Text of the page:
This upgrade ended up helping the city weather the COVID-19 years, during which it saw a 20% increase in inbound recycling right after another city MRF on 27th Avenue closed. to replace it with a new installation.

Phoenix processes its own recycling and that of five other cities, but was “able to handle this material very easily,” Rodriguez said. “We had the ability.”

Alexis Yaple, zero waste coordinator for Phoenix, said her team of six educators has gone from reaching 20,000 face-to-face people a year through MRF visits, events and presentations to a digital strategy.

They have created a site called recycle+ with virtual tours of MRFs and composting facilities, webinar series and virtual presentations in Spanish and English. They also launched the “Recycle Right Wizard” in collaboration with 10 other cities in the region, which allows people to search for a given material and receive instructions on how to manage it.

“Incoming questions to the call center went down when we started using it,” Yaple said of the assistant, adding that “on the back-end you have a lot of stats so you can see what people are looking for and target your marketing”.

The city is also creating a 40-acre Resource Innovation Campus at the new 27th Avenue MRF. Yaple said it would help the city process materials on site by partnering with other local businesses.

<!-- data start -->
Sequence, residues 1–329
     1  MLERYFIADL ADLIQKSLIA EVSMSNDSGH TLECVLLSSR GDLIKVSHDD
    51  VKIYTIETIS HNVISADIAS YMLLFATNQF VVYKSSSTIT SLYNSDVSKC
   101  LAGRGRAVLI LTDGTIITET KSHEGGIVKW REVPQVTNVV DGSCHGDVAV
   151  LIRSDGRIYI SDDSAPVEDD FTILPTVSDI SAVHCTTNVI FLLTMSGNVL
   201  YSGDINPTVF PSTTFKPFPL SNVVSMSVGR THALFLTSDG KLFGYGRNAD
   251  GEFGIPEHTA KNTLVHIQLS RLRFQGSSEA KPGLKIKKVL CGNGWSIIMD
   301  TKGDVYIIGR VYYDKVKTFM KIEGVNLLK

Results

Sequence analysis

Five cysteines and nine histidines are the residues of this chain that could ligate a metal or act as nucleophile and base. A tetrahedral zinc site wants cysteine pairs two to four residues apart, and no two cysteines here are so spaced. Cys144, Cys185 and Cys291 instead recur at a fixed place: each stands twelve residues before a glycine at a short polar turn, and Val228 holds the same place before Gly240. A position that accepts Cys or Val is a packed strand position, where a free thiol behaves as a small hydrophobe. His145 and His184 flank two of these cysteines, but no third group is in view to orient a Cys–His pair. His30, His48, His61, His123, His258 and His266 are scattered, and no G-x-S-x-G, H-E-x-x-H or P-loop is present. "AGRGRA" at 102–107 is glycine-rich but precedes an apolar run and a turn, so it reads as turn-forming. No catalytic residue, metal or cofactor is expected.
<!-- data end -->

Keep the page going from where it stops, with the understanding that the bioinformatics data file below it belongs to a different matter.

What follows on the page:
Phoenix executives also decided early on that they wanted to own all of their infrastructure, Rodriguez said. He makes a revenue split with his processor that gives the city 88%, and ownership also gives Phoenix flexibility.

“The big advantage we see for this is that we control what needs to be changed in the equipment,” Rodriguez said. “So if we have to upgrade to meet new specifications, we have that control.”

Looking ahead, the city has left room to add more bunkers for different materials as markets change and leans into AI.

Convincing the Ohio Community to Use Carts

In Ohio, Woodruff has helped roll out trash cans and recycling carts, instead of letting residents supply their own or, more generally, piling trash bags on the side of the road.

This 2020-2021 transition to a volume-based system for solid waste and recycling prompted residents to recycle and reduce, Woodruff said, because it used a tiered pricing system.

“It’s similar to other utilities,” he said. “You pay for how much water you use, you pay for how much electricity we use,” and now residents are paying for the size of bin they use.

All residents received a trash can and recycling cart, which the city paid for through a five-year funding plan and grants from the Solid Waste Authority of Central Ohio (SWACO) and the Recycling Partnership. Woodruff said the city also got a one-time transition grant from SWACO.

He said there were savings of about $7,300 per year by switching to a volume-based service, and recycling uptake had increased from 26% to 95%. Solid waste going to landfill has been reduced by 25% and the city now has less waste.

Woodruff said that while there was a lot of initial frustration from residents who didn’t want to change, “now if we were to go back, I know there would be just as much pushback.”

“I would love to see more communities doing what we do, but I don’t know if a lot of people have that drive to do something different,” he added.